## Proof quadratic formula by converting first term into a perfect square

Now, given the general quadratic equation, you are Required↗ to make the first term a perfect square.$\fn_jvn&space;\large&space;{\color{Black}&space;\mathbf{ax^{2}+bx+c=0}}$

Converting the first term into a perfect square is essential so that the quadratic equation resembles the form of this identity

$\fn_jvn&space;\large&space;{\color{Magenta}&space;\mathbf{\left&space;(&space;a+b&space;\right&space;)^{2}=a^{2}+2ab+b^{2}}}$

Multiply the equation by a to boths sides

$\fn_jvn&space;\large&space;\mathbf{a\left&space;(&space;ax^{2}+bx+c&space;\right&space;)=0}$

The equation becomes

$\fn_jvn&space;\large&space;\mathbf{a^{2}x^{2}+abx+ac=0}$

Rewrite and make the coefficients explict as in general form of quadratic equation

$\fn_jvn&space;\large&space;\mathbf{{\color{Red}&space;a}x^{2}+{\color{Red}&space;b}x+{\color{Red}&space;c}=0}$

$\fn_jvn&space;\large&space;\mathbf{\left&space;(&space;ax&space;\right&space;)^{2}+b\left&space;(&space;ax&space;\right&space;)+ac=0}$

It is time now to complete the square. Take half the coeffient of ax, square the result and add to both sides of the equation or add and subtract the result if all the parameters are on the same side in this case LHS. But you can choose to keep all elements in one side of the equation at initial and intermediate stages as I have done. The coefficient of ax is b . Let’s quickily complete the square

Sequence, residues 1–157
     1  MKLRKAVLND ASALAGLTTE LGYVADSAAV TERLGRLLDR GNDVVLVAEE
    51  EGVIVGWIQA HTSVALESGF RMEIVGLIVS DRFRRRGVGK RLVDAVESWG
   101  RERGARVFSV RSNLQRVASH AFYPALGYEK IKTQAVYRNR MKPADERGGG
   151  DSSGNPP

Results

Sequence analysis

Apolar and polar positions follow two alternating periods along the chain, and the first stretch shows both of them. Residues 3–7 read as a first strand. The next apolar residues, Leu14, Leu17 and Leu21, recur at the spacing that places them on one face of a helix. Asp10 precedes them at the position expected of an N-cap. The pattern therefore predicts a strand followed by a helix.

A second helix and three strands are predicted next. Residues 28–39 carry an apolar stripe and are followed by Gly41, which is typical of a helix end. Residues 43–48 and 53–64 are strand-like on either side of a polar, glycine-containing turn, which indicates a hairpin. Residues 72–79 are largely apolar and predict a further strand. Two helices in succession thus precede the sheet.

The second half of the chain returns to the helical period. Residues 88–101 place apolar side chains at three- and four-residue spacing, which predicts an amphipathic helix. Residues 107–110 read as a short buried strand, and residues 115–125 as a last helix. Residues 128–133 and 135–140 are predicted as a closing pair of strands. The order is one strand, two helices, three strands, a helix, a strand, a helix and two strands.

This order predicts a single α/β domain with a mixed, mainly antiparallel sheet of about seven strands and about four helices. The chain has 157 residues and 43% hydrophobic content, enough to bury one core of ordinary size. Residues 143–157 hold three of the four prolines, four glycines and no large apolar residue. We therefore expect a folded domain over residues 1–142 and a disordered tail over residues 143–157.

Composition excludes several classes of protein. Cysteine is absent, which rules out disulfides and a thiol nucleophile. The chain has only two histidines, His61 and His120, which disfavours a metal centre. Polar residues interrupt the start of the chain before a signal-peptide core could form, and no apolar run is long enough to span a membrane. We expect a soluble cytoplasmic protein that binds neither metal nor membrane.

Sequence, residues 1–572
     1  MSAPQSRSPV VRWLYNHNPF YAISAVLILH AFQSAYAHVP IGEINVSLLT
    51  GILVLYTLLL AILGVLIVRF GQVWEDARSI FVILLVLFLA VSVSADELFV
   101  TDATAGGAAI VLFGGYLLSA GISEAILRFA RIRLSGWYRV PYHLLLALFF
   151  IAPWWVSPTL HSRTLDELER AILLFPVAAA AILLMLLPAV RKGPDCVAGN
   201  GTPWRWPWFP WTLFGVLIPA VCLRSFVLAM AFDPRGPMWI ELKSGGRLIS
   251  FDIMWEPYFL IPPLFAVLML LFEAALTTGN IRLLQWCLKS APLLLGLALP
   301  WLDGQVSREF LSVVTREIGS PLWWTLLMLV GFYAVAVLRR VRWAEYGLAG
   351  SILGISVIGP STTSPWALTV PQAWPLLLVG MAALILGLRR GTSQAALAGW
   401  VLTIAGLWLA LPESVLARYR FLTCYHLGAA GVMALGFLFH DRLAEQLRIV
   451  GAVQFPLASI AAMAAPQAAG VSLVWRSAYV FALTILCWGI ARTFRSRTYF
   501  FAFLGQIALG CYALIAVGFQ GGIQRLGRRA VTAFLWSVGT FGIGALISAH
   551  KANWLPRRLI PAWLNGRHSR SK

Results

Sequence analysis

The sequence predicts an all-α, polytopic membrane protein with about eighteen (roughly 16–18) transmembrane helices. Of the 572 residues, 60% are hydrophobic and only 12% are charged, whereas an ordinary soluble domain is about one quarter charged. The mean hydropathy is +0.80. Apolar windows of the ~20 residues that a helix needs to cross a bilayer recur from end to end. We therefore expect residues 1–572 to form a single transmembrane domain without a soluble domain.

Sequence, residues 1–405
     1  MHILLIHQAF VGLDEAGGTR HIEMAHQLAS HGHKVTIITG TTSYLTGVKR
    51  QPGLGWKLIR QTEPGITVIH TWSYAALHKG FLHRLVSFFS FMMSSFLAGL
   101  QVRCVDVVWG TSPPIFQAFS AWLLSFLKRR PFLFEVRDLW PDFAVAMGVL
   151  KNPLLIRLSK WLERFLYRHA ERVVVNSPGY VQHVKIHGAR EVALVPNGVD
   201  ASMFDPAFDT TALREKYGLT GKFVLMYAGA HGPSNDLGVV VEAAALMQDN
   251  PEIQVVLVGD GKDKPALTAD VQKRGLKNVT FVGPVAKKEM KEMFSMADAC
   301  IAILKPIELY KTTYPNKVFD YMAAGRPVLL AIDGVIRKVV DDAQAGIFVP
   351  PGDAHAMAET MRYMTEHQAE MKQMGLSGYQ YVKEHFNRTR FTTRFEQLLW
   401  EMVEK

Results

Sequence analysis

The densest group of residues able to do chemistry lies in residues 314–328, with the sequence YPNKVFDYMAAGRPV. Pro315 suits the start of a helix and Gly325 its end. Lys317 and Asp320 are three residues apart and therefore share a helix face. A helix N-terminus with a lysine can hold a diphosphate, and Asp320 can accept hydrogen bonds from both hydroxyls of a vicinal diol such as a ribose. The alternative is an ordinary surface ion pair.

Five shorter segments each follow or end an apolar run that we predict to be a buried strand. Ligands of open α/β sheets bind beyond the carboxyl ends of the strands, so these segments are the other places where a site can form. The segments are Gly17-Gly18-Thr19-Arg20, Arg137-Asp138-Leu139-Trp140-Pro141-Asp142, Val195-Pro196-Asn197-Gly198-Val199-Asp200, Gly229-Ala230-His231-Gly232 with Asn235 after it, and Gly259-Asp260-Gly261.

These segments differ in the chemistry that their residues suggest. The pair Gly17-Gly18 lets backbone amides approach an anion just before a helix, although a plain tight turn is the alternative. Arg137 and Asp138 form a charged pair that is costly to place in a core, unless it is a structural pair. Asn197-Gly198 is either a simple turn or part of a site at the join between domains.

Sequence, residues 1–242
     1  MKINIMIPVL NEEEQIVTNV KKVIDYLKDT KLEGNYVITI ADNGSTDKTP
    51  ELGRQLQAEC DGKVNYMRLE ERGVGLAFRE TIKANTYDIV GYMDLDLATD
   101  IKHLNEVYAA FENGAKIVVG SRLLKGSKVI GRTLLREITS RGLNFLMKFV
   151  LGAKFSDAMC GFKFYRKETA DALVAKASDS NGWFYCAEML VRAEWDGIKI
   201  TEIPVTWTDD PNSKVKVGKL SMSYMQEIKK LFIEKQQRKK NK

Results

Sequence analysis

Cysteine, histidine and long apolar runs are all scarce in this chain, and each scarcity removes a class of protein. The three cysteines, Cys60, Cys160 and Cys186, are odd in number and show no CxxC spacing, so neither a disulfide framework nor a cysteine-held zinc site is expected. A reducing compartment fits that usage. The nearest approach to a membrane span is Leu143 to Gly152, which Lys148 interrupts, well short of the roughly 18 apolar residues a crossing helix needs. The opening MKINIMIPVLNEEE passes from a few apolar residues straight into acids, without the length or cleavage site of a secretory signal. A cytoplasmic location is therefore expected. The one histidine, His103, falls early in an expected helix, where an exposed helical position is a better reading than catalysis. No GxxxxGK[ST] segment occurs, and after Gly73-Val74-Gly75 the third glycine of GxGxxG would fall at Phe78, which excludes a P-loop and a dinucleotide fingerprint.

$\fn_jvn&space;\large&space;\mathbf{\left&space;(&space;ax&space;\right&space;)^{2}+b\left&space;(&space;ax&space;\right&space;)+\left&space;(&space;\frac{1}{2}\cdot&space;b&space;\right&space;)^2-\left&space;(&space;\frac{1}{2}\cdot&space;b&space;\right&space;)^2+ac=0}$

Transform the left side into a perfect square

$\fn_jvn&space;\large&space;\mathbf{\left&space;(&space;ax+\frac{b}{2}&space;\right&space;)^{2}=\left&space;(&space;\frac{b}{2}&space;\right&space;)^{2}-ac}$

Find the LCM on the right side and simplify the fraction

$\fn_jvn&space;\large&space;\mathbf{\left&space;(&space;ax+\frac{b}{2}&space;\right&space;)^{2}=\frac{b^{2}-4ac}{4}}$

Take square roots on both sides to transform the equation into linear

$\fn_jvn&space;\large&space;\mathbf{\sqrt{\left&space;(ax+\frac{b}{2}&space;\right&space;)^{2}}=\pm&space;\sqrt{\frac{b^{2}-4ac}{4}}}$

It reduces to

$\fn_jvn&space;\large&space;\mathbf{ax+\frac{b}{2}=\pm&space;\sqrt{\frac{b^{2}-4ac}{4}}}$

Take all parameters to the right side to make x the subject of the formula

$\fn_jvn&space;\large&space;\mathbf{ax=-\frac{b}{2}\pm&space;\frac{\sqrt{b^{2}-4ac}}{2}}$

Divide both sides by a to find x as

$\fn_jvn&space;\large&space;\mathbf{x=\frac{-b\pm&space;\sqrt{b^{2}-4ac}}{2a}}$